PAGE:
Russia and China also put the west on notice that Iran is no longer going to be treated as a pariah state. Iran is welcomed emphatically by both Putin and Xi as a member of the SCO. Going forward, this means that Iran will do business with all members of the SCO under the rubric of a new financial order being organized by Russia, China, India and Brazil.

I am sure this is jarring news to the western allies. They have enjoyed the luxury of the dominance of the U.S. Dollar as the international reserve currency. It was the Golden Rule at work–those with the gold make the rules. The United States faces a dilemma because it insists on levying international sanctions on any nation or leader who refuses to toe Washington’s line, but the blow back effects of those sanctions are savaging the European economies and will hurt America as well.

China and Russia now realize and affirm that the United States is no longer a reliable, trustworthy partner. They see the United States as a petulant child that, in the past, coerced others by throwing temper tantrums and launching ill-conceived, foolish foreign military operations.

Most important, but not said, the leaders of the SCO realize that Washington is leaderless. Biden is a demented buffoon.

. . .

In the past, the United States controlled the ball and set the rules for the game. The countries of the SCO are no longer going to let the United States dictate where, when and how the game is played. They are bringing their own ball and setting up their own rules … There is a new and potentially more powerful player on the world stage and the United States may be relegated to the peanut gallery and forced to watch.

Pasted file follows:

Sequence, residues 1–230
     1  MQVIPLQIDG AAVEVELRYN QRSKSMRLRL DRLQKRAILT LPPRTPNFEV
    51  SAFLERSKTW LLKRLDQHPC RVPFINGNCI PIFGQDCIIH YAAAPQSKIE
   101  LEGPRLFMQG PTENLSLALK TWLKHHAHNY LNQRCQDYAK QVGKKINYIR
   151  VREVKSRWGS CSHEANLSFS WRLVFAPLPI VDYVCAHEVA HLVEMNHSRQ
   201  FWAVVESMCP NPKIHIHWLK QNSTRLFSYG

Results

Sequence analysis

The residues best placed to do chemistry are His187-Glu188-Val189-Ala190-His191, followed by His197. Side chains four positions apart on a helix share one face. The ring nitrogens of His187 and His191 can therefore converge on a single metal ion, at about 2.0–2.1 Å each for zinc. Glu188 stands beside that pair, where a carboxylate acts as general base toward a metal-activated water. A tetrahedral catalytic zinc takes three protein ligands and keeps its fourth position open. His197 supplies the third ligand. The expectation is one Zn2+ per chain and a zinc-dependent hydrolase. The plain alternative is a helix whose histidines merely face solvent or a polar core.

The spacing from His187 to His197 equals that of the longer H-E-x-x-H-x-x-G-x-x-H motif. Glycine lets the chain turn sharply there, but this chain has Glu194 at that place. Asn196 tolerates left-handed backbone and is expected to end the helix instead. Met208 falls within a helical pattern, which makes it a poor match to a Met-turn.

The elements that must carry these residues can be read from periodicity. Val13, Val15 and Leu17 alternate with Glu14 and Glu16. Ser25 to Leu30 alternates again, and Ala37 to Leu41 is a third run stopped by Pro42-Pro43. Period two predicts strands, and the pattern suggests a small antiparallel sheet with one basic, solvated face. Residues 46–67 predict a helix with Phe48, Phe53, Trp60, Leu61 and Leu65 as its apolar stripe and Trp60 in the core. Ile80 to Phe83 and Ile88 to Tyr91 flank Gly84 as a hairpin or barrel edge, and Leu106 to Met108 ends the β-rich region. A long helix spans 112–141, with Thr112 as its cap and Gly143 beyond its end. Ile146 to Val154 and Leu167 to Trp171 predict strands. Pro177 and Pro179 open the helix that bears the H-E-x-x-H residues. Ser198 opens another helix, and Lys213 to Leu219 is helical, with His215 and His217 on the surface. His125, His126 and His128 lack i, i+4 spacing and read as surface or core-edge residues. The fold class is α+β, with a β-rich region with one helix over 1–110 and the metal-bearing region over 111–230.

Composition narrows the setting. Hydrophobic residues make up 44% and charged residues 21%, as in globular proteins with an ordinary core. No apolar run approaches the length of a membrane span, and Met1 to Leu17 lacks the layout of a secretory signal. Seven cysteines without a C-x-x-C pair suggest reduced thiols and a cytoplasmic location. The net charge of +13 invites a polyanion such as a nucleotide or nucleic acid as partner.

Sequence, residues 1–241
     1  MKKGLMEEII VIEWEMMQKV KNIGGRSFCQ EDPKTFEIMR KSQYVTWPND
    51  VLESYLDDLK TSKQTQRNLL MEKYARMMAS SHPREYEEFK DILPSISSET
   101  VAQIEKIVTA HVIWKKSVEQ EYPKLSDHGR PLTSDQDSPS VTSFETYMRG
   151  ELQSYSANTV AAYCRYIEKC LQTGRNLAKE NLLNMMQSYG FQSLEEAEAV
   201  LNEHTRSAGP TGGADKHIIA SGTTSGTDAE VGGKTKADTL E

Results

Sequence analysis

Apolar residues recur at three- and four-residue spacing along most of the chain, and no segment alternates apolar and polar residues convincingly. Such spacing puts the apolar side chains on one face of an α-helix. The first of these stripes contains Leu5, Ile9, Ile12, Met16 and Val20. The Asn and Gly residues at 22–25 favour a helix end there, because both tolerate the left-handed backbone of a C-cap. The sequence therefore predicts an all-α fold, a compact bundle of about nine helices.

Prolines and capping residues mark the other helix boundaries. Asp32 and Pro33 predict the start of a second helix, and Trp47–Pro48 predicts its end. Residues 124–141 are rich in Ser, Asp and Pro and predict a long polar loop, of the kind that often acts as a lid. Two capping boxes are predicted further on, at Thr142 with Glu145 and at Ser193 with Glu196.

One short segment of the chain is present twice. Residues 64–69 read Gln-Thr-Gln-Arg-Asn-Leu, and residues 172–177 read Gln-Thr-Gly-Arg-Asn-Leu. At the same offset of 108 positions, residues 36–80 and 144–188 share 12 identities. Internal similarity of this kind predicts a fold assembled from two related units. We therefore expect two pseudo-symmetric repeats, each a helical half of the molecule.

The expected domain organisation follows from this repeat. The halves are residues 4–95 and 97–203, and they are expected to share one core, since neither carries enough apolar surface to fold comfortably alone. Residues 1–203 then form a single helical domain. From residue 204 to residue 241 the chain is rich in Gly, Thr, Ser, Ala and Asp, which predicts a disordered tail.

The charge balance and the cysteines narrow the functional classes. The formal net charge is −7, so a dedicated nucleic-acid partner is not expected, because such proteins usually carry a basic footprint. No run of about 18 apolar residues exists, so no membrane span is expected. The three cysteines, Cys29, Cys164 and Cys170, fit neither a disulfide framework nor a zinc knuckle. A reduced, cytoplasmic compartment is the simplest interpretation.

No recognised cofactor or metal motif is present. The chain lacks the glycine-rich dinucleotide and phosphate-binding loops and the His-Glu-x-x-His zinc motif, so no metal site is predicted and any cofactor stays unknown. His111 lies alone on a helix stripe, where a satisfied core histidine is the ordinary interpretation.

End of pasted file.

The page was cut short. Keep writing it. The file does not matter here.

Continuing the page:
There’s more at the link, and it’s all worth reading.

Note the names of the countries involved.  India… Turkey… Iran… Pakistan… Egypt… Saudi Arabia… all of them are regional powers in their own right.  Iran, in particular, is virulently anti-US and anti-Israel.  All of them now have a much more powerful international base of support.  Terrorism from Iran and Pakistan (both hotbeds of it) is likely to expand along with their economic ties.  Furthermore, the raw materials produced by these nations, which we need as much as anybody else (e.g. lithium for batteries, oil and other fuels, vital industrial minerals, etc.) are more likely to be sold to other nations than to ourselves.  (We can expect many such trades to be conducted in other currencies, too.  The US dollar is on the cusp of losing its status as the preeminent international reserve and trading currency.  For example, Saudi Arabia is discussing selling oil to China in exchange for renmimbi, and is talking to India about accepting rupees as well.  So much for the petrodollar…)